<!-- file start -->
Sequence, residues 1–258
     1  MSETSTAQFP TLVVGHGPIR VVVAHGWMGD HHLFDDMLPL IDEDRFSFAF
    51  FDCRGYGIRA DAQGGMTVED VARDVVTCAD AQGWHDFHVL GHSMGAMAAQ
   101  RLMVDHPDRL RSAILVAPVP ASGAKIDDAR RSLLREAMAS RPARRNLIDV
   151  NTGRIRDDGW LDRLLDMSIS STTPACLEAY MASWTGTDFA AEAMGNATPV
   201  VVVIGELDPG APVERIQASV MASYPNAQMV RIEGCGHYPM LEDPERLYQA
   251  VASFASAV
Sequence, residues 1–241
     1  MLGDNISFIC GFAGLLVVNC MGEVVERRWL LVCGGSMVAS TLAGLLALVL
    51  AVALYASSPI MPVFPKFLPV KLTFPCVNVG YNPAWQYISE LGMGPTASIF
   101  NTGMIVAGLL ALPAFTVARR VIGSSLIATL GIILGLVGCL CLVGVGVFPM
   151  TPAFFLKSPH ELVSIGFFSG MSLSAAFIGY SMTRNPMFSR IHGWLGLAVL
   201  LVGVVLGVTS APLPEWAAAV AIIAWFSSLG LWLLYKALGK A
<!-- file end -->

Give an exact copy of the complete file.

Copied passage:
Sequence, residues 1–258
     1  MSETSTAQFP TLVVGHGPIR VVVAHGWMGD HHLFDDMLPL IDEDRFSFAF
    51  FDCRGYGIRA DAQGGMTVED VARDVVTCAD AQGWHDFHVL GHSMGAMAAQ
   101  RLMVDHPDRL RSAILVAPVP ASGAKIDDAR RSLLREAMAS RPARRNLIDV
   151  NTGRIRDDGW LDRLLDMSIS STTPACLEAY MASWTGTDFA AEAMGNATPV
   201  VVVIGELDPG APVERIQASV MASYPNAQMV RIEGCGHYPM LEDPERLYQA
   251  VASFASAV
Sequence, residues 1–241
     1  MLGDNISFIC GFAGLLVVNC MGEVVERRWL LVCGGSMVAS TLAGLLALVL
    51  AVALYASSPI MPVFPKFLPV KLTFPCVNVG YNPAWQYISE LGMGPTASIF
   101  NTGMIVAGLL ALPAFTVARR VIGSSLIATL GIILGLVGCL CLVGVGVFPM
   151  TPAFFLKSPH ELVSIGFFSG MSLSAAFIGY SMTRNPMFSR IHGWLGLAVL
   201  LVGVVLGVTS APLPEWAAAV AIIAWFSSLG LWLLYKALGK A